343 members of the FDNY from 75 separate fire companies made the ultimate sacrifice on 9/11. More than 100 have died since then from illnesses directly related to their work at Ground Zero. The number grows every year.
It’s hard to know how best to speak about 9/11 as the years go by. It’s a memory that is imprinted on all of us, no matter how far removed we were. To be in New York City, even now, is to be surrounded by those who lived it and lost so much. Everybody has a story of somebody they knew or chance events that kept them from being another name on the memorial wall. Not just firefighters. Everybody. In the days leading up to the 14th anniversary of 9/11, we took BIGLOVEBALL to New York City to honour those who gave their lives that day. Our intention was to capture portraits of New York Firefighters by award winning photographer, Bob Garlick, and speak to those that carry on despite the tragedy they endured. Fully prepared for rejection, we set out on foot in Lower Manhattan with nothing but a BIGLOVEBALL and our cameras. We shyly knocked on the front door of the Little Italy fire house of Engine 55 not knowing what to expect.
Waiting patiently outside as the junior firefighter asked the crew if they would participate, we wondered if we might need to find Yankees tickets that afternoon instead. The sight of the giant red door raising up as three enthusiastic firefighters and their dog came out to meet us was a magic moment that would set the tone for our entire trip. Over the next 2 days, we were warmly welcomed by 10 separate FDNY fire crews who allowed us to capture their spirit on film with BIGLOVEBALL. These images and stories of the roles those fire companies played on 9/11 were shared on our Instagram as a tribute. We experienced a wide range of emotions as we saw firsthand the lasting effects on these firefighters and on the city. Though we heard countless tales of tragedy and loss, the message that will endure in our hearts forever is one of perseverance and selflessness. Once again, BIGLOVEBALL had given us the platform to share what matters.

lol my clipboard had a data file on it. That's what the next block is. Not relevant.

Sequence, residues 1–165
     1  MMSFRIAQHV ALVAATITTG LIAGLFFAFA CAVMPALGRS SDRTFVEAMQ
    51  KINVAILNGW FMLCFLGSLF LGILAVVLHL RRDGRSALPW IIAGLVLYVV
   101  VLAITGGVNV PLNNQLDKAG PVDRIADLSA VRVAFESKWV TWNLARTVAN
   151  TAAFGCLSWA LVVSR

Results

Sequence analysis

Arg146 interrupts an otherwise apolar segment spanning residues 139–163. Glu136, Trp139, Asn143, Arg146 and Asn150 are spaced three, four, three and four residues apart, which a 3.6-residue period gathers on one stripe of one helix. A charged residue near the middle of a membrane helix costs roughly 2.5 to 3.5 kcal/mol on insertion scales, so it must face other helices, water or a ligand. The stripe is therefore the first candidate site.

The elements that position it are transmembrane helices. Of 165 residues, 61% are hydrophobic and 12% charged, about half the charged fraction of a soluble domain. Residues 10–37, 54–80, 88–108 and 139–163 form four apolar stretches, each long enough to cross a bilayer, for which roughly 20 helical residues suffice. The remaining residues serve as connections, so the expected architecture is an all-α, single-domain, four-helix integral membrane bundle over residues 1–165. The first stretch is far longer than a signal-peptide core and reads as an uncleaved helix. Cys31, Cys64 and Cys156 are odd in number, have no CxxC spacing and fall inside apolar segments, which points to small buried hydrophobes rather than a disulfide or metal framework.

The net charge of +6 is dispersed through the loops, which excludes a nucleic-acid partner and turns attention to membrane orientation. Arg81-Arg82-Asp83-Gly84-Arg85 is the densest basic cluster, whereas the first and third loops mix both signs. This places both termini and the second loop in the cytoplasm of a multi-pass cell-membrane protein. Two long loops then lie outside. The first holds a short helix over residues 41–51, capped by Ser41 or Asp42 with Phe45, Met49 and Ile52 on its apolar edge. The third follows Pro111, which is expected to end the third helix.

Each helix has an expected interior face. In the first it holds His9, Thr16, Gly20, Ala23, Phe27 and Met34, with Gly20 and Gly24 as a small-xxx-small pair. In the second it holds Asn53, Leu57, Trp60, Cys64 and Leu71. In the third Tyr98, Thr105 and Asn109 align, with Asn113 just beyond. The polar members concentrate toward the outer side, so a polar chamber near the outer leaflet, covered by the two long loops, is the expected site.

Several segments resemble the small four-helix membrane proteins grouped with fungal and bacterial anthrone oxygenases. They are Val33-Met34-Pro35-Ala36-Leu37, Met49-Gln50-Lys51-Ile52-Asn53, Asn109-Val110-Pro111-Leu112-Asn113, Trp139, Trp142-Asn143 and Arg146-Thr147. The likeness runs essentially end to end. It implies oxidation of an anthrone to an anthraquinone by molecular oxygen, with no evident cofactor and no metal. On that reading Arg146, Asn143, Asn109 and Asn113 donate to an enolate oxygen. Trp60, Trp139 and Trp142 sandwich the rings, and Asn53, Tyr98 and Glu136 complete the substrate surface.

One particularly touching story is the miracle of Ladder 6. Tasked with searching the North Tower, they were actually in the building when it collapsed. Yes, IN the building. After the South Tower had fallen, evacuation orders were given for all those still in the North Tower. In the stairwell on their way down, they encountered 59 year old grandmother, Josephine Harris, exhausted and injured from her descent from the 73rd floor. While other firefighters and civilians passed them, Ladder 6 refused to split their crew and made it their mission to bring Josephine down in the dust and dark. Her inability to continue past the 4th floor meant they were forced to stop at the exact level that would grant them a tiny space in the rubble. To this day, the members of Ladder 6 credit Josephine with the survival of their entire crew. Josephine passed away in 2011.
In memory of the thousands of people who died on 9/11 and the 343 FDNY Firefighters who gave their lives trying to save them. We will never forget.